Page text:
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Howard v. Osborne

United States District Court, W.D. Kentucky, Owensboro

April 15, 2014

WAYNE EDWARD HOWARD et al. Plaintiffs,
DAVID OSBORNE et al. Defendants.


JOSEPH H. McKINLEY, Jr., Chief District Judge.

Plaintiffs Wayne Edward Howard and Christopher A. Schenk jointly filed the instant pro se 42 U.S.C. § 1983 action proceeding in forma pauperis. This matter is before the Court on initial review pursuant to 28 U.S.C. § 1915A. Upon review, the Court will dismiss the action.


Plaintiffs are convicted inmates at the Daviess County Detention Center (DCDC). They sue David Osborne, [1] the jailer of DCDC, in his individual and official capacities and the Kentucky Department of Corrections (KDOC). According to the complaint, Plaintiff Howard is a Level 1 community custody inmate and has been "refused the opportunity to work or earn work credit good time while other similarly situated inmates who have same custody level are allowed." He states that this is a violation of the Equal Protection Clause because Defendants are treating similarly situated inmates differently.

Additionally, Plaintiffs contend that they have both been denied access to legal materials while confined at DCDC. They state that this is a violation of due process. They also report that DCDC "has no legal library to assist inmates in any legal proceedings including this lawsuit."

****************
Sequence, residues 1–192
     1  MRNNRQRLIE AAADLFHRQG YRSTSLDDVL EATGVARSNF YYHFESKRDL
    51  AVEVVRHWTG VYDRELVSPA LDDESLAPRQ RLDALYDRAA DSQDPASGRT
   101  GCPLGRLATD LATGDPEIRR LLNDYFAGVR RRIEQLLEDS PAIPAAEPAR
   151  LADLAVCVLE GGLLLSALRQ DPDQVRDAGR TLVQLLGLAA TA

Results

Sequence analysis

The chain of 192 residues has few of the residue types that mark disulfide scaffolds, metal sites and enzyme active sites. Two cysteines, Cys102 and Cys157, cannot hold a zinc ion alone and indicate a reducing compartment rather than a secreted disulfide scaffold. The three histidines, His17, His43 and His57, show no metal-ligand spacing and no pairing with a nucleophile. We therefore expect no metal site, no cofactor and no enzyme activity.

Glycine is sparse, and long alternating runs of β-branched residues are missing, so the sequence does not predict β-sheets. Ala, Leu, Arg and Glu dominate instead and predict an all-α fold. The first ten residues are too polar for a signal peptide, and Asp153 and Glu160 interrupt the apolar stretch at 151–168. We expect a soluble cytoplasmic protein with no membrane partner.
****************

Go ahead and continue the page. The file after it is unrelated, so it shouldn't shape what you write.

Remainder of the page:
Plaintiffs further state that "Defendants regularly allow overcrowding in the [DCDC] forcing both County and State inmates on the floor without any elevation other than a thin matt. Also State and County inmates are housed together."

As relief, Plaintiffs seek compensatory and punitive damages, injunctive relief, and payment of their fees and costs.


When a prisoner initiates a civil action seeking redress from a governmental entity, officer, or employee, the trial court must review the complaint and dismiss the complaint, or any portion of it, if the court determines that the complaint is frivolous or malicious, fails to state a claim upon which relief may be granted, or seeks monetary relief from a defendant who is immune from such relief. See §§ 1915A(b)(1), (2); McGore v. Wrigglesworth, 114 F.3d 601, 604 (6th Cir. 1997), overruled on other grounds by Jones v. Bock, 549 U.S. 199 (2007). When determining whether a plaintiff has stated a claim upon which relief can be granted, the court must construe the complaint in a light most favorable to the plaintiff and accept all of the factual allegations as true. Prater v. City of Burnside, Ky., 289 F.3d 417, 424 (6th Cir. 2002). In order to survive dismissal for failure to state a claim, "a complaint must contain sufficient factual matter, accepted as true, to state a claim to relief that is plausible on its face.'" Ashcroft v. Iqbal, 556 U.S. 662, 678 (2009) (quoting Bell Atl. Corp. v. Twombly, 550 U.S. 544, 570 (2007)).


Work and good-time credits